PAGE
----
Turns out the STEM team was being a bit elementary in our explorations last month. That, or the students at Greenwich’s Riverside Elementary School are upping their game. The truth is almost certainly the latter, as evidenced by a visit to Riverside’s inaugural STEM Fair, a PTA-sponsored, volunteer exhibition of student work, which included fruit-based electrochemical cells eerily similar to our previous work. Student explorations truly ranged from science to technology to engineering to math. To quote a student, “math is coding and coding is fun, so math is fun.” A fifth grader specifically calling out the transitive property was one of many fun presentations our team saw yesterday.
When we first visited Riverside’s Genius Hour last fall, we had the distinct pleasure of meeting a girl who was on the trail of a hot new invention: a pressure sensitive pen. She explained to us her vision of a pen that could sense when the user was gripping it too tightly and then light up to tell the user to lighten up and avoid hand fatigue. So it was quite a thrill to see her progress as outlined in her STEM fair project. Thus far, this enterprising 3rd grader (yes, I said 3rd grader!) has constructed a prototype using a breadboard, a battery, an LED light, and a pressure sensor. This prototype does indeed light up an LED to differing levels of brightness dependent upon the degree of “squeeze” applied to the pressure sensor. The truly impressive part however, wasn’t even the prototype itself, it was the ease and confidence with which she explained to use how the whole thing worked, including descriptions of current, resistance, and positive and negative leads of an LED light.
An especially fun project had third graders dye clothing with spices and vegetables. They explored how much color beets, onion peels, turmeric, cabbage, and other ingredients could produce. These girls sold the feasibility by actually wearing shirts they had tie-dyed with turmeric and purple cabbage. How many times has turmeric stained your counter? These girls saw its potency in a valuable way.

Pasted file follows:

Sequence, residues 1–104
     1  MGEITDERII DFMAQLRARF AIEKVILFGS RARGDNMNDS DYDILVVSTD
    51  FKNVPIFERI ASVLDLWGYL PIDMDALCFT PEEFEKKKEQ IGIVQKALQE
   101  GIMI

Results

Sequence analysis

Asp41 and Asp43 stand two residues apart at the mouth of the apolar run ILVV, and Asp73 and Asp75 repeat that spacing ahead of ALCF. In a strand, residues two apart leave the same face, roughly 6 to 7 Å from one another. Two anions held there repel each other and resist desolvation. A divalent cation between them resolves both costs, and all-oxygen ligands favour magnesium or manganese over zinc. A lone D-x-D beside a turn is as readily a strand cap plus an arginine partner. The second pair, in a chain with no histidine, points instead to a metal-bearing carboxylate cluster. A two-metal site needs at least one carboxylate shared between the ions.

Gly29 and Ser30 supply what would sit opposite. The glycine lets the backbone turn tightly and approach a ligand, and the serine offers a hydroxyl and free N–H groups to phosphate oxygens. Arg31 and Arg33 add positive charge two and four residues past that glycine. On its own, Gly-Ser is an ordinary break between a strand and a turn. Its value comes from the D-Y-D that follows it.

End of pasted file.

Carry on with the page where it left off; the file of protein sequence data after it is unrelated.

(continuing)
Another fifth grade student identified a need to create a crosswalk that helps traffic better see when a pedestrian is crossing a street at night. He mentioned his sister’s friend was hit crossing a street (she’s making a slow recovery) one night on the way to a college event. Her accident and, separately, the illumination of the Freedom Tower inspired him to think up a way to light up crosswalks. In his design, when a person steps on the part of the sidewalk that leads into the street, a horizontal light illuminates (Entrapment style) for 20 seconds until they cross. We asked probing questions – does a sensor like this exist? Some attentive students did remember the weight-sensing pads that used to open sliding doors at the entrance of a supermarket.
The expo encouraged students to think big. Often, people fall into a habit of squashing ideas like these – they’re too costly, too outrageous, or something similar exists. But these students thought up their best solutions and were encouraged to suspend some doubts in favor of a cool idea. The truth is that some of the most innovative ideas are created when a creator isn’t hampered by existing constraints. It’s also encouraging to remember that the next big idea can sometimes come from the smallest thing, as demonstrated by another STEM fair standout. One student was frustrated with the number of sub-pages one has to navigate on the Riverside School homepage just to figure out what’s for lunch. His solution, learn a bit of HTML basic coding, create your own mirrored webpage, and then generate a QR code. Now, one click of your phone and you’re there, with two week’s worth of lunch menu at your fingertips. Perhaps not the world’s most pressing problem, but one that was real for the student and for which he created a simple and effective solution.
Kudos to Riverside’s parents, teachers, administrators, and PTA for making this STEM adventure come alive. And bravo above all else to the amazing students. We can’t wait to welcome these young innovators to GHS in the years to come!